This past week we attended the funeral of Aunt Dorothy. She isn’t really my aunt, not a sister to any relative, but has been my Mom’s best friend for over 60 years so she’s been like an aunt.
Pictured here is Uncle Ted and my Dad in a picture from…well the 1950’s! They were stationed together in Winnipeg after Training College and got along so well they were friends until Uncle Ted passed away, just a year before my Dad did. Our paths crossed with the Browns in many ways over the years and strangely enough both of their daughters have worked for me. Their son Ted has been a life long friend though we see little of each other these days.
Attending funerals is an interesting activity. I find myself joyful to see friends and family who we rarely see and reminded of why we are together. Of course, the Christian also rejoices if their friends have been people of faith and we know “they are safe in the arms of Jesus”. That saying seemed so corny to me as a kid, but with age comes the recognition of truth and that is one that really resonates. The other aspect of funeral attendance is listening to people talk about who has died – in this case, listening to family and friends talk about the impact Aunt Dorothy has had on them.
I think many of us are sitting there asking ourselves, if this was my funeral, what would people say? It’s a time, to be honest with self and before God. Without a doubt living brings about some regret, some reason for rejoicing and some sense of question – how did I do? That’s why the Scripture is so reassuring with the promise of forgiveness, and eternal welcome – “Well done, good and faithful servant”.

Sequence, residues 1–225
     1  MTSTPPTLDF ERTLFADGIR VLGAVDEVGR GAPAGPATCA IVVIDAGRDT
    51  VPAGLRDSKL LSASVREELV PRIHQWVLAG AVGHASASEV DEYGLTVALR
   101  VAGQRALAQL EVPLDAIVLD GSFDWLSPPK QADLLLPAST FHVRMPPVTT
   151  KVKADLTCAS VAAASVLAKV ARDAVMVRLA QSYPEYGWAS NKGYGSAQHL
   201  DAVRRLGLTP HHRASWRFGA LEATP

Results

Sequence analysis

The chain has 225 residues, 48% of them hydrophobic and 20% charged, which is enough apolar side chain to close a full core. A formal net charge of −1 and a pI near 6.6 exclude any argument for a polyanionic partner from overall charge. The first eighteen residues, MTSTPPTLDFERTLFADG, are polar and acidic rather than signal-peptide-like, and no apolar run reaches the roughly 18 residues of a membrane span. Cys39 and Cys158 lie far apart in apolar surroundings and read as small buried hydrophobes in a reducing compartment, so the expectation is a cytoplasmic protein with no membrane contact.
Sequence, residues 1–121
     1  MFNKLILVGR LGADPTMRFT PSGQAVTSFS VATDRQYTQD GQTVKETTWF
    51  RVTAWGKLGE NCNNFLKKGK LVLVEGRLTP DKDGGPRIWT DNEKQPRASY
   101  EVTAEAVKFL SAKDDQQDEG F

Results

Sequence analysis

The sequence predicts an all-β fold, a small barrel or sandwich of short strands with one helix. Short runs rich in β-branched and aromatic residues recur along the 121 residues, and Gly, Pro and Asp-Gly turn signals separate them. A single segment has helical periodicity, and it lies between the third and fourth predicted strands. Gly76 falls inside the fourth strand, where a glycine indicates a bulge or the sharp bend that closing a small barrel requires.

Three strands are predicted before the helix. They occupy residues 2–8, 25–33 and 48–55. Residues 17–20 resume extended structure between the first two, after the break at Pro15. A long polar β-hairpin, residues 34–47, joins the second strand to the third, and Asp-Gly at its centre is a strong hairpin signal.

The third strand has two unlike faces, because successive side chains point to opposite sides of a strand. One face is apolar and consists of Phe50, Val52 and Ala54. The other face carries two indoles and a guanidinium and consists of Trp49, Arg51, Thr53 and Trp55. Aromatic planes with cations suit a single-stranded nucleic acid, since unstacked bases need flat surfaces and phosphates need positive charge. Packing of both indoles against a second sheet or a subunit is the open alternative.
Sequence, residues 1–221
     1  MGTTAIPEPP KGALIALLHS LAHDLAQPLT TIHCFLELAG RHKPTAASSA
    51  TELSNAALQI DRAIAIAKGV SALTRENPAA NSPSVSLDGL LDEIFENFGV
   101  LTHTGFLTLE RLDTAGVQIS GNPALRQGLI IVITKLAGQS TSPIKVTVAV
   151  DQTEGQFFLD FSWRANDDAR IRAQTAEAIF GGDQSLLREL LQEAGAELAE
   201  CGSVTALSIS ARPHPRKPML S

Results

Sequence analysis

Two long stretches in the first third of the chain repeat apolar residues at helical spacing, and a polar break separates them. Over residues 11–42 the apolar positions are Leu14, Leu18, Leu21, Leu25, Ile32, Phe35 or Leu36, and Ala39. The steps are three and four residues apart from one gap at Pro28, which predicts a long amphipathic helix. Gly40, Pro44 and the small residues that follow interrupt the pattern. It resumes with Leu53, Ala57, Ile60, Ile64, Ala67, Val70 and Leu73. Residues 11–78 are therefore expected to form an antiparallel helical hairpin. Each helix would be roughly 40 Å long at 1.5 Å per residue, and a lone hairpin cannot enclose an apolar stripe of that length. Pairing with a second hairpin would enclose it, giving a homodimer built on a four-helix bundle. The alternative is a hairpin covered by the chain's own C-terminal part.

So if I seem more retrospect these days I may be thinking about my own life. What about you?
Jordan B Peterson – say his name and you will get a reaction. Some love him, some despise him. I have my own opinion and I certainly don’t agree with everything he says but I really like this video and sense both from my experience in the leadership of a congregation, my work with people in general and in some of the reading I’ve done over time that there is real truth here. Young men need purpose and it is not found in chasing personal privilege and rights – it is found in carrying responsibilities in a sensible and serious manner.
So here it is….tell what you think.
Wendy took the Canadian Staff Songsters to Glenmore Temple in Calgary, AB for the Stampede weekend. It was great to be “home” for a few days and to see good friends, be part of a revisit to a place that has such deep personal meaning for us and to share in the music of this great group. The city of Calgary, if you do not know, is alive in a different way for 10 days as it hosts “the greatest outdoor show on earth”.
So here are two videos to show something of that weekend – a couple more will follow – as it allows you to see and sense something of the nature of the weekend and the flavour of the city!
The chuckwagon races are a great event and I love watching them. The very first funeral that I did after we arrived in Calgary, in 2000 was a woman who had raised 5 kids – 4 of whom had been born and raised in a sod house on the Alberta Saskatchewan border! Think about what it means to grow your own food, live through a winter on the Prairies and to do so in a sod house! That’s a pioneer and the chuck wagons point back to that time in history which is not that far in the past!
This second video is from Sunday morning at Glenmore Temple, the final number by the CSS and while it both these videos are done on my Samsung phone – provide I think a reasonable representation of the quality of the music.